NAMI Launches Engagement Report

7/21/2016

By Darcy Gruttadaro

NAMI is excited to announce the launch of our newest report, “Engagement: A New Standard for Mental Health Care.”

As an organization of individuals with mental health conditions and their families, NAMI knows that the U.S. system of mental health care is failing to engage many people who seek help. The facts say it all: many people who seek mental health care drop out. 70% that drop out do so after their first or second visit.1

The first moments of interaction between a service provider and a person seeking care for a mental health condition can set the tone and course of treatment. This first interaction can start a journey to recovery and a satisfying life—or it can leave a person unsure or even hopeless about their future and unwilling to go back a second time. The same is true about interactions with others in the community; a person who has been told that people with mental illness are scary, weak or unable to care for themselves may not seek help or may avoid telling others the full extent of what they are experiencing.

My son’s first break was when he was most open to the idea of engagement. He was scared and didn’t know what was going on. He voluntarily went to see a psychiatrist, but the manner in which he was treated really closed the door at that opportune moment. The psychiatrist was proud of being the kind of doctor who tells it like it is. He told my son, ‘you have a mental illness and are going to be on medications for the rest of your life. They’ll probably cause you to gain significant weight, and you probably won’t be able to work in a regular job. If you don’t take the medications, you are going to end up homeless, in jail or dead.’ My son’s reaction was to reject that and to close the door on treatment.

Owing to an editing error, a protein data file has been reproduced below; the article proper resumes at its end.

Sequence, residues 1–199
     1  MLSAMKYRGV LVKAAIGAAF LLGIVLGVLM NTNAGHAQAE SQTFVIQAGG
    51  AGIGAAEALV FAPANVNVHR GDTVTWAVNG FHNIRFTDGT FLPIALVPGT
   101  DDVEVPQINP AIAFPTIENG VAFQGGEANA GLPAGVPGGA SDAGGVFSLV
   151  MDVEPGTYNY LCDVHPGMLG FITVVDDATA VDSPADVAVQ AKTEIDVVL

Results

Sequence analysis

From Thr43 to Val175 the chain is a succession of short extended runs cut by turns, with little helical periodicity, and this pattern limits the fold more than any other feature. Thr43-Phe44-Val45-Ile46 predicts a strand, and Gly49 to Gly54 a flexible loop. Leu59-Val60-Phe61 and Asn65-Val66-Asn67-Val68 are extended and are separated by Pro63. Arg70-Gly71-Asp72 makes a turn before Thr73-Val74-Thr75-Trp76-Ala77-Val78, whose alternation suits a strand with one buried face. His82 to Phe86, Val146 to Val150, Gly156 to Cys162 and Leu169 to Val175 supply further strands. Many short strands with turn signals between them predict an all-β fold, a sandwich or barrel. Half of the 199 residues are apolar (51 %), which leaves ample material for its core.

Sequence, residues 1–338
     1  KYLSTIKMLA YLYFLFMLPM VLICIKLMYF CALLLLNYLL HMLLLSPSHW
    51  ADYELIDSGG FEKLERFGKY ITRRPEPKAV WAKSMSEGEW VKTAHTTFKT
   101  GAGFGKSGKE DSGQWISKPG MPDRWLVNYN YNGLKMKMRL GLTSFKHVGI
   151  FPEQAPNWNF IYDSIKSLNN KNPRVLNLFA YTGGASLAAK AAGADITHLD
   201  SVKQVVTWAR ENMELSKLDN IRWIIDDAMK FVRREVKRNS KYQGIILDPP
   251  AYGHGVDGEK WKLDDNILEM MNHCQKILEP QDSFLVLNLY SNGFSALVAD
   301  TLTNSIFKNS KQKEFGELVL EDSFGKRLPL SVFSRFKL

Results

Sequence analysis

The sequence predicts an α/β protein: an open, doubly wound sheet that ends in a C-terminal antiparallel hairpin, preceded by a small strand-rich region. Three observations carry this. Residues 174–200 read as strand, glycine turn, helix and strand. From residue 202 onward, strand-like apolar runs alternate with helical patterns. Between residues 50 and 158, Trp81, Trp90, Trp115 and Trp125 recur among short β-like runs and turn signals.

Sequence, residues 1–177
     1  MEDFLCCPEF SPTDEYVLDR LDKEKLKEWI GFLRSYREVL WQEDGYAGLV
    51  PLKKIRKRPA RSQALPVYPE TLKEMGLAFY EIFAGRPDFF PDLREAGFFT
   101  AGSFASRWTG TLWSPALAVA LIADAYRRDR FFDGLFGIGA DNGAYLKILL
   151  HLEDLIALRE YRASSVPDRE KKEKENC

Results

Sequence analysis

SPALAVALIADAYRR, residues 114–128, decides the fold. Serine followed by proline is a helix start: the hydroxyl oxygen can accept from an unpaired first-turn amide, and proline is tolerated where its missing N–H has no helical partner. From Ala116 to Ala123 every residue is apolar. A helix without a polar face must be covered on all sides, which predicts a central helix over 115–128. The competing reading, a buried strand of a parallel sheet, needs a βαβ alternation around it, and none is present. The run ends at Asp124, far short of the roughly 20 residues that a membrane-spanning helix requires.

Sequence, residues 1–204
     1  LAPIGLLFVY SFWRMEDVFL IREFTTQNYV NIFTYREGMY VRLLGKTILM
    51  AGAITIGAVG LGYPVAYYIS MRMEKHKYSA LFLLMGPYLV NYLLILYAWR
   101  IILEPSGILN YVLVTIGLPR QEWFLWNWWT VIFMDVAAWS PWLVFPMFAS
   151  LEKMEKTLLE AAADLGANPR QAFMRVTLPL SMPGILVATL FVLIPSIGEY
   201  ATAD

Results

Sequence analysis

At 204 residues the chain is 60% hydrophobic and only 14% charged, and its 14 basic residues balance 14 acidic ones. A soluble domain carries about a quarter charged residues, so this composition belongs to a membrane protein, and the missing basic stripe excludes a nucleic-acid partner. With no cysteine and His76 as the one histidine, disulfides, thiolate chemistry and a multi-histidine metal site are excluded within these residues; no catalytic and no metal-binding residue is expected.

—Pete Earley

This story of lost opportunity for engagement is far from an isolated experience. NAMI hears such stories repeatedly—and they often end with tragic consequences.

Such stories illustrate the need for a shift in the culture of our country's mental health system.

Recovery is possible and achieved by many, but for countless others, a mental health diagnosis leads to needless trauma, losses and shortened lives. When the mental health system fails to engage people early and treat them with dignity and respect, too many people leave school, lose jobs, get arrested, become homeless or attempt suicide.

While there are many reasons people do not engage in mental health services and supports, including in some cases lack of insight, this report focuses on the foundation: the relationships between people with mental illness and service providers, families and the broader community. Trusting and respectful relationships are the basis for recovery.

Read the report, then share your engagement story.

Share Your Engagement Story

Engagement (\in-ˈgāj-mənt) is the strengths-based process through which individuals with mental health conditions form a healing connection with people that support their recovery and wellness within the context of family, culture and community.

Share when you or your family felt most engaged in mental health services and supports. Share when you or your family felt most disengaged in mental health services and supports.

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Remember to tag your entry with #EngageMe.